So I sure as hell am not going to fight it.

I never meet the guests before the show. I have producers who make sure that they are comfortable, in greenrooms with elaborate fruit trays and a mini-fridge full of soda and fruit juice and mugs with the SERENITY! logo on the side, that they can take home as souvenirs. But I want the first interaction between us to be as undiluted as possible. This way, when I grasp the guest’s hand I get that first swirl of energy, that connection, and nothing else gets in the way.

Today, it is Bethany—the assistant to the assistant director’s assistant or some BS title like that—who knocks and sticks her head into my dressing room. She is small, mousy, and overwhelmed by everything from the line producer to the latte machine. She got this job through an uncle who’s an industry executive. When she opens the door, I can hear the buzz of the small studio audience. Unlike most talk shows, we do not just try to fill seats with the vagrants from Hollywood Boulevard. We give members of our audience Breathalyzer tests to make sure they’re sober; we do background checks. It’s the only way I could possibly do televised readings; the link to the paranormal world is all about energy, and if the energy in a studio audience is messed up because of drugs or alcohol, it’s harder for me to hear the spirits. Yet in spite of the hoops they must jump through to get in, we have a three-year waiting list of people who are dying to come to the show.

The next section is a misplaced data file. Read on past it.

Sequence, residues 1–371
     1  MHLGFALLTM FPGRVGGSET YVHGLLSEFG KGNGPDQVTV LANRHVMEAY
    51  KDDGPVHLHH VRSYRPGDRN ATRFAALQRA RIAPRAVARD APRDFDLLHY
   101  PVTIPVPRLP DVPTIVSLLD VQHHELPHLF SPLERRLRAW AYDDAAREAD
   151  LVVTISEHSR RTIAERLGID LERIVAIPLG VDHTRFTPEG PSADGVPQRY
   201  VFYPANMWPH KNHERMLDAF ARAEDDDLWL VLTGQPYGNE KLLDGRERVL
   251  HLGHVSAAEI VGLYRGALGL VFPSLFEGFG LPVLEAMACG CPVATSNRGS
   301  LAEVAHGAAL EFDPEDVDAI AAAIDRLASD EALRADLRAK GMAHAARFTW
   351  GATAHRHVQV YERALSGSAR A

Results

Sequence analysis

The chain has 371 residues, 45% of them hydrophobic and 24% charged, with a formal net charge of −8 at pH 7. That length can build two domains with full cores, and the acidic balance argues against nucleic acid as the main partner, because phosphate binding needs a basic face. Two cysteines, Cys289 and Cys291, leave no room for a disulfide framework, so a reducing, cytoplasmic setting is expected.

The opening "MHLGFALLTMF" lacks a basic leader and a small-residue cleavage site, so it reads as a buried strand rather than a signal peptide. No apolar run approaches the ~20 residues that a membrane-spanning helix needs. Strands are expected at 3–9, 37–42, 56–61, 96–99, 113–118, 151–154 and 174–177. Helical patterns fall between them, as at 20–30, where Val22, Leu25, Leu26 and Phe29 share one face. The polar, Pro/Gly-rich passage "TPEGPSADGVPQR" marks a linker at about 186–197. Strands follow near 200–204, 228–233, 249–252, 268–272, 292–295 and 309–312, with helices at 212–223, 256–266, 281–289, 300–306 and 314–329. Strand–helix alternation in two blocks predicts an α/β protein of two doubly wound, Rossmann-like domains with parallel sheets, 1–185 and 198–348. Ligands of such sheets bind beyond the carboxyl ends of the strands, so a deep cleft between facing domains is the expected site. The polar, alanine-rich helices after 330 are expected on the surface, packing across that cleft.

Not to mention a long list of those who are already dead.

“Sorry to interrupt, Serenity,” she says. “We’re five minutes away from filming.”

I glance at her reflection in the full-length mirror, where I am taking stock of my signature pink hair, piled onto my head (the higher the hair, the closer to Jesus), my matching shantung suit jacket, and my Louboutin spike-heeled platforms. “Bethany,” I ask. “What do you think of these shoes?”

I’m pretty sure they cost as much as her rent. “They’re epic,” she says.

“You don’t think the red on the bottom clashes?”

“No one’s going to see it,” Bethany says, blushing. She’s right about that. But I’ll know. I’ll also remember how, after my dad killed himself, my mother would have to declare Campbell’s weeks, when all we ate was canned soup, until she could get her next paycheck. I’ll remember that, and look at these shoes, and think of how fitting it is that this sixth sense I have is sometimes called a Gift.